A recent article suggested that using observation status for a hospitalized veteran was dishonorable to his years of service to our country because observation would subject him to higher out-of-pocket costs. This post created quite a lot of discussion and debate. While I agree with the author and commenters that observation is confusing to all and that there has to be a better way, the premise that observation is costlier is false. Allow me to present the facts about observation.
As of October 1, 2013, the two-midnight rule became the law of the land for fee-for-service Medicare patients. That means that any patient who requires hospital care past a second midnight must be admitted as an inpatient. Patients who do not require hospital care can remain as outpatients past the second midnight, such as patients who are kept because they do not have a ride home or there is no one home to care for them. Still, their care is being provided as a courtesy with no expectation of payment by Medicare. These patients, by the way, should be informed they are being kept as a courtesy so they do not think they are accruing days for nursing home eligibility.
What are the costs of inpatient admission compared to observation? If the patient is admitted as an inpatient, they owe a $1,288 deductible, no matter the length of stay. That deductible is only waived if they have been an inpatient within the last 60 days. For the commonly readmitted diagnoses, such as pneumonia and heart failure, there is a 20 percent chance they were recently an inpatient, but it is much lower for most other diagnoses.
Now, what does it cost a patient to be in observation? Observation is a part B service subject to the once-a-year part B annual deductible of $166 and 20 percent of approved charges. On January 1, 2016, Medicare established a new Ambulatory Payment Classification for observation services, 8011, a comprehensive APC valued at $2,275. A comprehensive APC covers all hospital services provided to the patient from initiation of hospital care in the emergency department to discharge. That means the patient owes $166 if they have not yet paid their annual deductible, plus 20 percent of $2,275, totaling $621. The patient is then responsible for the cost of any oral medications given to them that are unrelated to the reason for their hospitalization. Even if the hospital charges $20 for an aspirin, the medication costs accrued in a stay of under two midnights will be, at the most, a couple of hundred dollars. Furthermore, the government recently issued a notice allowing hospitals to waive the costs of those medications for Medicare recipients.
So which is less expensive? Inpatient admission at $1,288 or observation at approximately $800? I’ll let the readers figure that out. Of course, there are caveats. Patients often have supplemental plans, some of which may require a copayment for an ED visit if they are not admitted as an inpatient but saving the patient $50 is not a valid reason to violate federal regulations (sometimes called “committing Medicare fraud.”)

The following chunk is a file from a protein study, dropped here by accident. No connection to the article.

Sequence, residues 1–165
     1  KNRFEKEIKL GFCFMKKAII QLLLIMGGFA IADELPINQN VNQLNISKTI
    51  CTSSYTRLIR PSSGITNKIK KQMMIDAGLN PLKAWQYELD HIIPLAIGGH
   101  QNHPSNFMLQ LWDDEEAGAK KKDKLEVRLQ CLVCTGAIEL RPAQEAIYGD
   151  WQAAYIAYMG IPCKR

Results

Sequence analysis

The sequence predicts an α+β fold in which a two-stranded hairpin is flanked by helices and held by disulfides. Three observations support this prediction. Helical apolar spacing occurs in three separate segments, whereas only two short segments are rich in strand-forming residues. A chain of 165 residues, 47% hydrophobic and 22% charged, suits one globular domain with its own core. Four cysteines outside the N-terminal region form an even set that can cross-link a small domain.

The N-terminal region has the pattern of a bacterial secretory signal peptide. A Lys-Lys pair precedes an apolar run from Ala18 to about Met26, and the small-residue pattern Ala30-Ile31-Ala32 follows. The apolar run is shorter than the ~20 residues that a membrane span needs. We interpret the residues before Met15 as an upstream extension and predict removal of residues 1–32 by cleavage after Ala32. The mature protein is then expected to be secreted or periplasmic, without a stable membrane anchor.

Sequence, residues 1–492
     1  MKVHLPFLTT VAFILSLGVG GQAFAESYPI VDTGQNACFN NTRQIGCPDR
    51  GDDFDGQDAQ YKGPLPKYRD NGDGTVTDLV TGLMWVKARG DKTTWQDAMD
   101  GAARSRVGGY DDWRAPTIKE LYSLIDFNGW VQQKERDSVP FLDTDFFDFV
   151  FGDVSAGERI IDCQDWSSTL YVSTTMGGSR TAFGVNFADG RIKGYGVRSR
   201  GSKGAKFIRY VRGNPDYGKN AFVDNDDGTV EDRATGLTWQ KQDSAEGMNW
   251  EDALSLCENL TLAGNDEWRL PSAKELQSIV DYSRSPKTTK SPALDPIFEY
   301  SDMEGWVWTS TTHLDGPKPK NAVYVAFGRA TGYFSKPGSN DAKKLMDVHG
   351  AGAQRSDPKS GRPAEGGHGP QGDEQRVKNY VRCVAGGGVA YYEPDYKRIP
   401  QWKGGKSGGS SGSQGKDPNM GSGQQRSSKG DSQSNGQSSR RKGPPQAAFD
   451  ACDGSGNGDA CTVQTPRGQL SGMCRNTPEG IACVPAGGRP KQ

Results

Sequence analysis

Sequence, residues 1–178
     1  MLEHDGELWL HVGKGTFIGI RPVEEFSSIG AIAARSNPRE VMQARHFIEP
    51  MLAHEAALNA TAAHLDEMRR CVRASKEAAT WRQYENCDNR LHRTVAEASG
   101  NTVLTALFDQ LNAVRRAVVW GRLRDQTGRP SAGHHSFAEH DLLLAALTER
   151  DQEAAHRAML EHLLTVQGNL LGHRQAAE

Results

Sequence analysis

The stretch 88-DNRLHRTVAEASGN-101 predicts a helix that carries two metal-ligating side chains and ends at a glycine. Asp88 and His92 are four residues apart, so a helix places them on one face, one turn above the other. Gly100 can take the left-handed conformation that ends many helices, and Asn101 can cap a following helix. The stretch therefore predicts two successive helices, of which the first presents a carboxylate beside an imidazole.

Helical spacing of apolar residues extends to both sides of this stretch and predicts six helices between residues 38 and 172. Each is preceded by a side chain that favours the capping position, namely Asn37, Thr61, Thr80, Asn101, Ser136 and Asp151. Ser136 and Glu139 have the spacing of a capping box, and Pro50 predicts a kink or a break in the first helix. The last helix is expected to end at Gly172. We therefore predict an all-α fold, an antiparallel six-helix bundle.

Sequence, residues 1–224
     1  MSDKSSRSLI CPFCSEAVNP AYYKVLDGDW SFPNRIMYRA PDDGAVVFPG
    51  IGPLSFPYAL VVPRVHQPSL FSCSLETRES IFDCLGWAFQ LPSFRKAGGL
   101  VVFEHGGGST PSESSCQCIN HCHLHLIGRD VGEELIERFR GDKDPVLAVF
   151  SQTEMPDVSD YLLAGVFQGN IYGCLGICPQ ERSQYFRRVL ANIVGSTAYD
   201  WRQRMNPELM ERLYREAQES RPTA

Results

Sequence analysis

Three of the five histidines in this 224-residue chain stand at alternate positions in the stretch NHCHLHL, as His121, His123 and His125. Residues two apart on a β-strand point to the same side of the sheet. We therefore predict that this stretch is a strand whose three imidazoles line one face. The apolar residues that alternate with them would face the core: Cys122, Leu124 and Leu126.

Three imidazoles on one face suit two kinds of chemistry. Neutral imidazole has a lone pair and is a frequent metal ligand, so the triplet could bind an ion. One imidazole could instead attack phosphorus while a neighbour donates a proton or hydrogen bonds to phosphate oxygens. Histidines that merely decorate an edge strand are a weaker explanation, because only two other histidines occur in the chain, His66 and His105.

But what about depriving them access to their skilled nursing facility benefit, which requires a medically necessary inpatient stay of at least three days, by using observation? If you are placing a patient in observation, you expect that they will likely be able to be discharged within the next day; that is not a patient that should require skilled treatment in a nursing home. If you place a patient in observation and the patient’s condition worsens, you can then admit them as an inpatient at any point, and they can then accrue those three needed inpatient days.
And what if the family is demanding that you admit their frail loved one as an inpatient because they can no longer care for them, and they want the patient to go to a nursing home, paid for by Medicare? Well, that is not a covered benefit, no matter how vehemently they demand it. A patient with worsening dementia or “failure to thrive” has no need for hospital care in the first place; they need long-term assistance with feeding, bathing, and toileting and have no potential to improve and regain those abilities. Admitting such patients as inpatients solely to get them transferred to a nursing home under the Medicare benefit is Medicare fraud and, unless you look good in an orange jumpsuit, must be avoided.
In summary, the Medicare rules are what they are, and we, as physicians, cannot bend or break them to satisfy our patients. We have to use the two-midnight rule until Medicare changes it. But most importantly, observation is less costly for the beneficiary in most situations, so we are not dishonoring our veterans by using it when appropriate. If the patient seeking a paid stay in a nursing facility is unhappy that they cannot be admitted as an inpatient, suggest they talk to their Congressional representative; they hold the purse strings to the Medicare trust fund and are the only ones that can make the change.
Ronald Hirsch is an internal medicine physician and can be reached on Twitter @signaturedoc.